Thursday, 31 May 2012

Manic May (Part 2)

As promised in my last post, here is the rest of what happened in May.

Snowdonia Climbing/Scrambling

This year I decided that I wanted to get back climbing outdoors again, there's nothing like getting out on rock, rather than pulling on plastic in a climbing wall, also the skills would be useful for future climbing trips to the Alps. I felt that my outdoor climbing skills were a bit rusty and could do with a bit of a refresher.

After a bit of research on the internet, I decided that I would go to Snowdonia (Llanberis), as this area could offer me many different styles of climbing on different rock, from big hills days, scrambling and multi-pitch rock climbing. I found a local company "The Rock Climbing Company" which offered everything I wanted, so I hired a guide for a bit of one to one instruction/guiding.

My guide for the 3 days was Sam Leary, she was a great teacher, very patient and encouraging.

Day 1

At the start of the first day, Sam and I discussed what I wanted to achieve during the next few days. Unusually for Snowdonia, the weather forecast for the week was stunning, hot and DRY!!! This meant that we could go and do virtually anything we wanted.

We opted to go to the Ogwen Valley/Cwm Idwal and do some classic easy climbing on the Idwal Slabs, it was a chance for Sam to see how I climbed and assess what skills I already had and what needed improving. After a short walk in we put on harnesses, rock shoes and roped up.

Entering the Nameless Cwm

As most of the other easy routes in the slabs were already taken we were left with the route called "Faith" a classic 130m, 5 pitch climb, beginners climb. This all went well, Sam led the pitches and I followed. I got to practice constructing belays and placing climbing protection.

At the top of the climb we replaced our climbing shoes with ridged soled walking boots and we continued by scrambling up even higher to the top of the ominously named "Suicide Wall". From here we climbed into the "Nameless Cwm", where the next objective came into view, the "Cneifion Arête".

The Arête itself, looks like a ship's prow sticking out of the mountain and is a classic Grade 3 scramble/moderate rock climb that extends for 130m to the top of Y Gribin. The first couple of pitches were the main crux of the climb, but in big boots you loose all sensitivity, after a bit of thrutching & grunting I made it passed the initial obstacles onto easier ground. Nearing the top of the climb the drop to the right is huge, this has always been something that's frightened me, but this time I surprised myself as I seemed to handle this OK. We made it to the top, the sun was still shining, and we were above the clouds in the valley. We headed down to the valley, by this time I was getting tired, it had been a long first day. I went back to my B&B for a well earned rest and an early night.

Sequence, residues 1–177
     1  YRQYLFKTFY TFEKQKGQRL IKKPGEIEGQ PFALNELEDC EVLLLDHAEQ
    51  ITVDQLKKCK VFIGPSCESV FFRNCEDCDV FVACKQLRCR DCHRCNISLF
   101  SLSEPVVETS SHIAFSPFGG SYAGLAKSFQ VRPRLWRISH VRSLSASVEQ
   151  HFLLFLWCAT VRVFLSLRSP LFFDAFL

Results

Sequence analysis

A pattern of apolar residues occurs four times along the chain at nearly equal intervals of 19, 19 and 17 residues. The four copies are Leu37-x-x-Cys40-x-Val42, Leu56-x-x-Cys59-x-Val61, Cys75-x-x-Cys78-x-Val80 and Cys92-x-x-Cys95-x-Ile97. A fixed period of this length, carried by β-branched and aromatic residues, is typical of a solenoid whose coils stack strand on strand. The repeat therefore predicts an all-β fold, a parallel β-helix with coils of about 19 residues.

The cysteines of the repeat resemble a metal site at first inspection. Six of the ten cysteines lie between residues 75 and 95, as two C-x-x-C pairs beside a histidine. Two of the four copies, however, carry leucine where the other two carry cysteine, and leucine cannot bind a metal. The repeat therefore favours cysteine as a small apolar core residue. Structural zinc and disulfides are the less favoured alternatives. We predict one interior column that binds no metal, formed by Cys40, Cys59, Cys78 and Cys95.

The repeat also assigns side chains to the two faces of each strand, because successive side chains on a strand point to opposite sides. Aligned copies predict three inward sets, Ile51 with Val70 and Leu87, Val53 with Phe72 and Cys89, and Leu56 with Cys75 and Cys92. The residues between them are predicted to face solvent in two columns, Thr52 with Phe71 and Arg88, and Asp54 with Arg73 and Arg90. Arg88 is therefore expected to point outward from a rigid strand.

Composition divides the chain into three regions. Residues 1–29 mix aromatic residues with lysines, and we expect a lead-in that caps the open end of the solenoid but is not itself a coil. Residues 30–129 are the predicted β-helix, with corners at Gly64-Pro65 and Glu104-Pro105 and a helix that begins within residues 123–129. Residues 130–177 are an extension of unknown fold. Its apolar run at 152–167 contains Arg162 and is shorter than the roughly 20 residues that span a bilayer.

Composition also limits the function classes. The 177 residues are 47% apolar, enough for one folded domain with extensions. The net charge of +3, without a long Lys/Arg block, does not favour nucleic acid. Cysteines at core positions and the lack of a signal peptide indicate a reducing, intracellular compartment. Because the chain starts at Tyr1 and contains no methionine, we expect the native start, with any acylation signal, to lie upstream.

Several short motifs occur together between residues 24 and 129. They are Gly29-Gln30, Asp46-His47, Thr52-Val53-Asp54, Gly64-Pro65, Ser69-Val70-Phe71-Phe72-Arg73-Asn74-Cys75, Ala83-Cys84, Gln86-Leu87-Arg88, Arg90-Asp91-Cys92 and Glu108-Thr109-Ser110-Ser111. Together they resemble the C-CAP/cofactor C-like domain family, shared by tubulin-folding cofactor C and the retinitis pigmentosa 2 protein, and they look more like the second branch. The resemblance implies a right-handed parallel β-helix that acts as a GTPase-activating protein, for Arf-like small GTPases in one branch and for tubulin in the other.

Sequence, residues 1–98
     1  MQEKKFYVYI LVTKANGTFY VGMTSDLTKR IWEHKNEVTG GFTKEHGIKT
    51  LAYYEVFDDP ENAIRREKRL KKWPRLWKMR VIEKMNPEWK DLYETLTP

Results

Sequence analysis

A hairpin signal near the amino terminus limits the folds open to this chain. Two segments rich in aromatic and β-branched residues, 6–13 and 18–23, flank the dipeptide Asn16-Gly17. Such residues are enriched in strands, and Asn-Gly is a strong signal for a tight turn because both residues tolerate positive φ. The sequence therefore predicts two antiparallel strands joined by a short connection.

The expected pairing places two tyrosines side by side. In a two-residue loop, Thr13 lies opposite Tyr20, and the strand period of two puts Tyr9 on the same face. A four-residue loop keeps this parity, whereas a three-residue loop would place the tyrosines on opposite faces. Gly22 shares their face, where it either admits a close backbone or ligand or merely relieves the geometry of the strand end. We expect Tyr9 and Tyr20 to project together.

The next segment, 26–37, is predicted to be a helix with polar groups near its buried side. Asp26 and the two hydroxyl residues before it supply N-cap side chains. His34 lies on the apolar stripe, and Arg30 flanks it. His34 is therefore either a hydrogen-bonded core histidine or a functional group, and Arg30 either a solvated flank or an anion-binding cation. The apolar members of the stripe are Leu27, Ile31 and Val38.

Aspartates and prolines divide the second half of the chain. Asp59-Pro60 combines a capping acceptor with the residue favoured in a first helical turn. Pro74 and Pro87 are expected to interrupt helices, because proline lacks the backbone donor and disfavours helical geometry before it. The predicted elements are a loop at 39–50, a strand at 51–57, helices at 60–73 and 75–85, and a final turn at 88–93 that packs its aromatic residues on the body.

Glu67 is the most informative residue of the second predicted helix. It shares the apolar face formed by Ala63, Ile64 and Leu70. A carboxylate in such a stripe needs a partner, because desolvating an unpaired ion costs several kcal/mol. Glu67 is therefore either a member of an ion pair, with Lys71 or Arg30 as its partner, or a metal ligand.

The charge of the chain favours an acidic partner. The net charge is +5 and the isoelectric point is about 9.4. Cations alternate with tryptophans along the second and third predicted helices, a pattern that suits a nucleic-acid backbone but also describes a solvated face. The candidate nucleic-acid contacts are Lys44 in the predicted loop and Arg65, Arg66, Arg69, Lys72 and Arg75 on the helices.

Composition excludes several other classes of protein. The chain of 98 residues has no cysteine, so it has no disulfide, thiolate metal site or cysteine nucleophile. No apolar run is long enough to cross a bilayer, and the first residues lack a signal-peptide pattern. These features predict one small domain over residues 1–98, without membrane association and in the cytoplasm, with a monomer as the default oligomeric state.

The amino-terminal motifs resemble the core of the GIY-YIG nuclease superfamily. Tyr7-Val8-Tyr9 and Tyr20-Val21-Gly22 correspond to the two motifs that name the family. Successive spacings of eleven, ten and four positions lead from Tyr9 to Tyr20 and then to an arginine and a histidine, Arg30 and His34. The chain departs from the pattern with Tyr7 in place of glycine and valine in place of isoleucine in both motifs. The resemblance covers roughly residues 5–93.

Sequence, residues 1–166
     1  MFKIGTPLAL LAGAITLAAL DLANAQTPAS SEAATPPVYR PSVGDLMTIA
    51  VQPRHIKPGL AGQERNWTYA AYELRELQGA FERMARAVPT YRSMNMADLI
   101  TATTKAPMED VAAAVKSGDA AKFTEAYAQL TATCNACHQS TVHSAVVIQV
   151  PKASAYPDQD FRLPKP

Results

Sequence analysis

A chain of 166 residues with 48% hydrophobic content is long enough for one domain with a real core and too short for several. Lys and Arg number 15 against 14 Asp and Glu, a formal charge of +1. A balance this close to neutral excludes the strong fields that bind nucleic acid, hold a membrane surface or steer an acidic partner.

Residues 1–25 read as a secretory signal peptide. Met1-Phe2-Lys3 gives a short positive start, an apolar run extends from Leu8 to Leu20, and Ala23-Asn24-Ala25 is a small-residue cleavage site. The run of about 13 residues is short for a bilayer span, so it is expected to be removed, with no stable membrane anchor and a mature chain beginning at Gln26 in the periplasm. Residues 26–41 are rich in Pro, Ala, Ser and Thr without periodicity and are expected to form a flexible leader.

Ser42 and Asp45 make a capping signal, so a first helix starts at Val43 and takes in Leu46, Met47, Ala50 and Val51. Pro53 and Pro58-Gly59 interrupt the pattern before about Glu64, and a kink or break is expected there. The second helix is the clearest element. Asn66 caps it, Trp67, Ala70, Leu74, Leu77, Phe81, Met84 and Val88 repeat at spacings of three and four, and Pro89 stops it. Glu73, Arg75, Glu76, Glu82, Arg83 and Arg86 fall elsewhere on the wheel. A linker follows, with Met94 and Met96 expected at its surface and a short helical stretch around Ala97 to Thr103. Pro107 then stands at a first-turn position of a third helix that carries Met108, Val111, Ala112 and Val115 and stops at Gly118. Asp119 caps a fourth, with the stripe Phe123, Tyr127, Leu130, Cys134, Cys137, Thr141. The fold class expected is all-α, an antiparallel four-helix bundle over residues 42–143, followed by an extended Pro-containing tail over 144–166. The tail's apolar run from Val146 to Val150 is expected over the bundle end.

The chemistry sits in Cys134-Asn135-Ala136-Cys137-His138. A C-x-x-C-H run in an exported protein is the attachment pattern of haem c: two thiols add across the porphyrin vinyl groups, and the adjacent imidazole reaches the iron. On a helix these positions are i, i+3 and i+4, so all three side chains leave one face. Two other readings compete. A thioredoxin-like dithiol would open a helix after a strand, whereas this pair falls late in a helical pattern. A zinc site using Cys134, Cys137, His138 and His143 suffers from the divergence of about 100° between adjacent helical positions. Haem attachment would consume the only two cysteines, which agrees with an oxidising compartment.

Day 2

As the first day was quite a long one, I decided that I wanted a shorter day, so we decided to go rock climbing, to get some more practice on placing gear and building belays. We originally decided to go to the Llanberis Pass (one of the climbing Meccas in the UK). However, on arrival, the walls all looked a bit daunting and steep for me, Sam sensed this, so we drove the Molewyns, near Blaenau Ffestiniog. From the car park we walked the short distance up to the crag (Clogwyn yr Oen), a much friendlier venue to practice climbing skills. We had the whole place to ourselves, the sun was already beating down and the rock was warm to the touch. Nice!

We climbed a 4 pitch route called "Slick". The rock was super grippy and the climbing was not that difficult, apart from the third pitch which seemed like a blank, featureless slab. This required me to trust my feet on tiny pockets in the rock as there were very few hand holds.

Again it was good to practice all the skills in a different environment and with Sam's expert instruction I picked up loads of tips to make things easier in future.

In the afternoon we climbed up another route, by this time it was getting really hot, which was making me tired. We took this opportunity to practice another skill. Abseiling. This is something I'm not overly confident with, I find it quite unnatural and it scares the life out of me! We rigged an abseil and with some gentle coaxing I made it to the ground, in one piece.

We returned to Llanberis for a well deserved ice cream from Georgio's and to discuss what additional bits of equipment I needed for climbing. We also planned our final day.

Day 3